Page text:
THE SUBSEA SECTOR

OVERVIEW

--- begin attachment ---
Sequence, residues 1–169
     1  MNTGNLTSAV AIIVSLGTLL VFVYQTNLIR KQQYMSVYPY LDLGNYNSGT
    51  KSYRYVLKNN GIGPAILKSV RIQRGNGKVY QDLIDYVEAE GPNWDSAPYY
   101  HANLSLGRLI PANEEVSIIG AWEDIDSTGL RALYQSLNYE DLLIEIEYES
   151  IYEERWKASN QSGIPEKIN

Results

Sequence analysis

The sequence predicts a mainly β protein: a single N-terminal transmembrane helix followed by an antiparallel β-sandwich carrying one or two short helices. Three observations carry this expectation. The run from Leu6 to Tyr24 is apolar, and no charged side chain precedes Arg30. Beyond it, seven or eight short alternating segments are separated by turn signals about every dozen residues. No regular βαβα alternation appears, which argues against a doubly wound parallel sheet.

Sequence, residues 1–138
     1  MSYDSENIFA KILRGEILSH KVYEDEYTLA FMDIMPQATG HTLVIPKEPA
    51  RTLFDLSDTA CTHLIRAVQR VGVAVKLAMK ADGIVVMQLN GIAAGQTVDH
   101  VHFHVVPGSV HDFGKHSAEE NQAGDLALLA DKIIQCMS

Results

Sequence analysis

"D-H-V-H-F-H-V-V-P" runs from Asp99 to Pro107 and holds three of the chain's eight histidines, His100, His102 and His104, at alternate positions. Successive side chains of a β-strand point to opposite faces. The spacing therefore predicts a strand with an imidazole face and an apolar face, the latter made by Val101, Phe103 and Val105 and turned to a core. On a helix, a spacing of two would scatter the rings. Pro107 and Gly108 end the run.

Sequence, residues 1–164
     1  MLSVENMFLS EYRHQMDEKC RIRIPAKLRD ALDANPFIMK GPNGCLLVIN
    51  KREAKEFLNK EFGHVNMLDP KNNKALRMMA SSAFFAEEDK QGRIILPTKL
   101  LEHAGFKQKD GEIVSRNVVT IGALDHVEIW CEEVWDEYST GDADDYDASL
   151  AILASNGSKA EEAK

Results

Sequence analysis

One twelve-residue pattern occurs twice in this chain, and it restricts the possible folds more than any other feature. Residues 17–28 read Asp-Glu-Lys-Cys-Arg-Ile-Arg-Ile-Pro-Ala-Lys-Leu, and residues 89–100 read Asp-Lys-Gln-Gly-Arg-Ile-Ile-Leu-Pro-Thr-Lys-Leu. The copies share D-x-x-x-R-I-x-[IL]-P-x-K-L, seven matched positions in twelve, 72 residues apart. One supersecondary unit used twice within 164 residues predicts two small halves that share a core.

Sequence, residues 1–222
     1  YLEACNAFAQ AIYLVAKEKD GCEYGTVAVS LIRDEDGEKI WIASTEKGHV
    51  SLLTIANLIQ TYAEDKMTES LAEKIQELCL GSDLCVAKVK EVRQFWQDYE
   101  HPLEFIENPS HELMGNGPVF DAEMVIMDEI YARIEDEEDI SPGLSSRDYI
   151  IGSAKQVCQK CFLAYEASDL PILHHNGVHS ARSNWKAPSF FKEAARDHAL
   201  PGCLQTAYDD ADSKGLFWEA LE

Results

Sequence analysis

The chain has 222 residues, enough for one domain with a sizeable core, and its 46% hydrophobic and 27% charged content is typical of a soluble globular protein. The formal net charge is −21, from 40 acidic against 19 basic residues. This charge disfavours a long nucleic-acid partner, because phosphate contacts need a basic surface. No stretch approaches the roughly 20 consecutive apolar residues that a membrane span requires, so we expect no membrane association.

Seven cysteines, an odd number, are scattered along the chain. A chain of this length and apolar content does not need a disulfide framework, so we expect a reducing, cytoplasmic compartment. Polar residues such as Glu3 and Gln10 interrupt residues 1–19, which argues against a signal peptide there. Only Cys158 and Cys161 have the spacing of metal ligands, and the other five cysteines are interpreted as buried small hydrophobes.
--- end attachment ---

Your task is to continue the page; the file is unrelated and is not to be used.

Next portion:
The reality is that manufacturing and engineering wasn’t seen as an attractive place for people who were entering their studies 15 or 20 years ago so that’s where the gap and the opportunities lie which we can just go and pick up some high calibre people. “I’ve got vacancies in design and software but software is a very niche skill. Also people are needed in hydraulics, electrics and control systems and these are all very high level specialisms, we’re talking about first class honours and PhD people, we’re not talking run of the mill guys that have just come through. Not that they don’t have a place in the industry, but it’s not where the real shortage is.’’ A lack of people going into engineering in past decades has created a skills gap in a specific age range. “In order to be able to perform anything like the level we’re talking about, you’re talking about ten plus years’ experience, so by definition you’re talking about people in their 30s. The reality is that manufacturing and engineering wasn’t seen as an attractive place for people who were entering their studies 15 or 20 years ago so that’s where the gap and the opportunities lie. “Obviously, we’ve got a lot of very experienced older people in the industry but some of those are getting to the end of their time and will need to be replaced and that’s the problem. We’ve got an experienced pool going out at the top, and we haven’t got the quantity of people to replace who are in the early to mid-thirties and you can’t just recreate those overnight.’’ Hodgson says Subsea North East identified this problem some five or six years ago and did something to address it. What could be done by government? “That’s a very difficult question to ask the vice chairman of the Local Enterprise Partnership for skills, because basically I’m asking myself to resolve it. I think we’re doing a lot of the right things. We’ve got very good links with the